| SAN FRANCISCO, June 4
SAN FRANCISCO, June 4 Amazon.com Inc is
planning a major roll-out of an online grocery business that it
has been quietly developing for years, targeting one of the
largest retail sectors yet to be upended by e-commerce,
according to two people familiar with the situation.
The company has been testing AmazonFresh in its hometown of
Seattle for at least five years, delivering fresh produce such
as eggs, strawberries and meat with its own fleet of trucks.
Amazon is now planning to expand its grocery business
outside Seattle for the first time, starting with Los Angeles as
early as this week and the San Francisco Bay Area later this
year, according to the two people who were not authorized to
If those new locations go well, the company may launch
AmazonFresh in 20 other urban areas in 2014, including some
outside the United States, said one of the people.
Bill Bishop, a prominent supermarket analyst and consultant,
said the company was targeting as many as 40 markets, without
divulging how he knew of Amazon's plans.
An Amazon spokeswoman did not respond to a request for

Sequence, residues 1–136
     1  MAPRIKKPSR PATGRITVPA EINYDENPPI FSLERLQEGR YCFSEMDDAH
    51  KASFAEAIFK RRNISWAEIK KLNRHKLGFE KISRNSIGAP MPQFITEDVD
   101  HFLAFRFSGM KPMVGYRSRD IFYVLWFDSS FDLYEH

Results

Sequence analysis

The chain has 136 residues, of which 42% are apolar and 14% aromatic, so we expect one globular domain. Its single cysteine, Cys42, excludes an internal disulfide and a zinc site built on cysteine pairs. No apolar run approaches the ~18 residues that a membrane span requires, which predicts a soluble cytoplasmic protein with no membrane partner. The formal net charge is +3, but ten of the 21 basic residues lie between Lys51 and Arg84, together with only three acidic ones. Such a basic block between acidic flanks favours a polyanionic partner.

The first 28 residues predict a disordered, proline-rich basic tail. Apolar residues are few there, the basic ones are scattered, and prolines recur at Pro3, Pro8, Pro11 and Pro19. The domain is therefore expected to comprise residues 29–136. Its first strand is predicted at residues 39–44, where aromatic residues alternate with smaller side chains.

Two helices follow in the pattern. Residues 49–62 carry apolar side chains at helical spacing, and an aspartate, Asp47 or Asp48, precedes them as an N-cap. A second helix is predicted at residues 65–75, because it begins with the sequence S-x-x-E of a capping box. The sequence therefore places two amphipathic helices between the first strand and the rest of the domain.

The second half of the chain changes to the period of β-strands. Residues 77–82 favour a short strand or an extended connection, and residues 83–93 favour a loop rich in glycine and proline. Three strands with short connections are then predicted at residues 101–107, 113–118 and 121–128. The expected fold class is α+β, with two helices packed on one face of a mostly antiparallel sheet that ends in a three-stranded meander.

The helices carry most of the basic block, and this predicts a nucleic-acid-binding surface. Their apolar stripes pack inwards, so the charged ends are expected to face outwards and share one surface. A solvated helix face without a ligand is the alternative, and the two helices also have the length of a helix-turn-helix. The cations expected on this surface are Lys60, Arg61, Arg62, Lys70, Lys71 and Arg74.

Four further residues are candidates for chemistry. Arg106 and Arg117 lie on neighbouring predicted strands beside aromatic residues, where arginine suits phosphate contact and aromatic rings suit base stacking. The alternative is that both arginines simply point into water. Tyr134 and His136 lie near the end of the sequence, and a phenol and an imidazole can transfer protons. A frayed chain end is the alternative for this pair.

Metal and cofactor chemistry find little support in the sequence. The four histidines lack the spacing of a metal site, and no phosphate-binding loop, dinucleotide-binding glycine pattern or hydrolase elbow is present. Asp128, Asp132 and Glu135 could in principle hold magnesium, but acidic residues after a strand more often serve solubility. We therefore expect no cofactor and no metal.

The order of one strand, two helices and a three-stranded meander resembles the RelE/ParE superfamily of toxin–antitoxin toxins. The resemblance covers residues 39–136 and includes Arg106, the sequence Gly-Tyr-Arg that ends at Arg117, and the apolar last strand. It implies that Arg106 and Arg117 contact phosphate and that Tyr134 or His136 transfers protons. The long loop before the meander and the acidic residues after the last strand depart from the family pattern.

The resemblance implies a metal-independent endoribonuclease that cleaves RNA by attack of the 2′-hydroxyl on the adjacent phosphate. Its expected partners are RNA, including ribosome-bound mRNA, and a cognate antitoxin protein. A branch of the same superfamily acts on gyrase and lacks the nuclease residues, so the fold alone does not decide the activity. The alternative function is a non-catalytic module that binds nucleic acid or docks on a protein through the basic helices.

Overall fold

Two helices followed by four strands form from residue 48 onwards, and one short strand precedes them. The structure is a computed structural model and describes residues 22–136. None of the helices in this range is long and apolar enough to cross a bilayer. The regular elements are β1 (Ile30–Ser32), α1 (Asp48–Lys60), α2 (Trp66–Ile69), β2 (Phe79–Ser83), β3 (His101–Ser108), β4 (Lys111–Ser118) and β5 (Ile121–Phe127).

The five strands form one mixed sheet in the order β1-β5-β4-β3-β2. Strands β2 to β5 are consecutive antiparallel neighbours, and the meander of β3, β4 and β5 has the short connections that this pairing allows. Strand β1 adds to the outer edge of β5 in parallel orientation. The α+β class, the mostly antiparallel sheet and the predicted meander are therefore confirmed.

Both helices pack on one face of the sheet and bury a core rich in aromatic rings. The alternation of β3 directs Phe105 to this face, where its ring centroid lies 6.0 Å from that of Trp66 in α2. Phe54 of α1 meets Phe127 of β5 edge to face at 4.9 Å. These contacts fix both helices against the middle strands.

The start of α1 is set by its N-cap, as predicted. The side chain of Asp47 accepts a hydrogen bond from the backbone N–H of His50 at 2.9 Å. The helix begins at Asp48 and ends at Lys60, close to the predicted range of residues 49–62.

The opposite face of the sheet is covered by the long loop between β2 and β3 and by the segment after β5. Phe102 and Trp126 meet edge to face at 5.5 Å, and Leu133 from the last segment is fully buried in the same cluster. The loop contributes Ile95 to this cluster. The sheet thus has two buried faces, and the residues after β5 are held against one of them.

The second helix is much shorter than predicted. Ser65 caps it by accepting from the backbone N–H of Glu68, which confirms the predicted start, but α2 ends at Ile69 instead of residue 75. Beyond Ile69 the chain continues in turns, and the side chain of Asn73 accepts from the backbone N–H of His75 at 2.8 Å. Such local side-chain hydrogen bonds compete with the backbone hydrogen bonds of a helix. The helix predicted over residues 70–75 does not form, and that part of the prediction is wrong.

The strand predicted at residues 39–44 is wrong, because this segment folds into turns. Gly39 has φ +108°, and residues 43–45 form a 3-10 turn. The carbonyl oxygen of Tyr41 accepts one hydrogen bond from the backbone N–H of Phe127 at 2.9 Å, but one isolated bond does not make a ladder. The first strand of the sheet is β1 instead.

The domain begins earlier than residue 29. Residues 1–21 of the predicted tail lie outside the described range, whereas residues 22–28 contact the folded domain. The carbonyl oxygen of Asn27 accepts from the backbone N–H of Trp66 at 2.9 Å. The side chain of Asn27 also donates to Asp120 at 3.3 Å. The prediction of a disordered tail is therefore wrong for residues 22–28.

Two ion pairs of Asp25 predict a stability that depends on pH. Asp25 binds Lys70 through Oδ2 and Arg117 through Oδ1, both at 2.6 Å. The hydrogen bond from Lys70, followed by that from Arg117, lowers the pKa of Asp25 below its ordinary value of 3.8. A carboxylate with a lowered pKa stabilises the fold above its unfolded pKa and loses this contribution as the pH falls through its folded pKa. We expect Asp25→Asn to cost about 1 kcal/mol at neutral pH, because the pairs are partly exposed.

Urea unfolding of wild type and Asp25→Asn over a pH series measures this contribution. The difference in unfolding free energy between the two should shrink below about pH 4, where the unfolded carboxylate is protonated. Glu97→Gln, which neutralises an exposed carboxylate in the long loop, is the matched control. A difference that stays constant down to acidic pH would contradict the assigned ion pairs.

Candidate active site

comment on Tuesday.
Amazon is searching for new, large markets to enter as the
company tries to maintain a growth rate that has fueled a 220
percent surge in its shares over the past five years. The
grocery business in the United States, which generated $568
billion in retail sales last year, may be a ripe target.
Amazon's expansion plans are a potential threat to grocery
chains such as Kroger Co, Safeway Inc and Whole
Foods Market, as well as general-merchandise retailers
Wal-Mart Stores Inc and Target Corp, which also
sell a lot of groceries.
"Amazon has been testing this for years and now it's time
for them to harvest what they've learned by expanding outside
Seattle," said Bishop, chief architect at Brick Meets Click, a
consulting firm focused on retail technology.
"The fear is that grocery is a loss leader and Amazon will
make a profit on sales of other products ordered online at the
same time," he said. "That's an awesomely scary prospect for the
A successful foray into groceries could also help underwrite
the development of a broad-based delivery service employing
Amazon trucks to deliver directly to homes, which could have
implications for UPS, FedEx and other package
delivery companies that currently ship Amazon goods.
Still, groceries have proven to be one of the most difficult
sectors for online retailers to crack. One of the most richly
funded start-ups of the dot-com era, Webvan, was a spectacular
failure as the cost of developing the warehouse and delivery
infrastructure proved overwhelming.
Roger Davidson, a former grocery executive at Wal-Mart,
Whole Foods and Supervalu, said Amazon will struggle to
make money from AmazonFresh because fresh produce can easily go
bad in storage warehouses and get damaged during delivery -
something known as "shrink" in the business.
"Will it work? I would bet against it," Davidson said. "The
reasons these businesses have failed in the past have not gone